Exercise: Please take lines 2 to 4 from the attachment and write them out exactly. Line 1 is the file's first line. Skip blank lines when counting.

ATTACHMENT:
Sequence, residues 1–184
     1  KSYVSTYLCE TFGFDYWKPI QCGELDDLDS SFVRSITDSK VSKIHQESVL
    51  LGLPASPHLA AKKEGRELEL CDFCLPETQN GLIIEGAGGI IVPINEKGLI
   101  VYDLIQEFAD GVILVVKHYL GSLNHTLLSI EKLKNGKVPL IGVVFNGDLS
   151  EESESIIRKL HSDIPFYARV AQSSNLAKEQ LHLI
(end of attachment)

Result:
     1  KSYVSTYLCE TFGFDYWKPI QCGELDDLDS SFVRSITDSK VSKIHQESVL
    51  LGLPASPHLA AKKEGRELEL CDFCLPETQN GLIIEGAGGI IVPINEKGLI
   101  VYDLIQEFAD GVILVVKHYL GSLNHTLLSI EKLKNGKVPL IGVVFNGDLS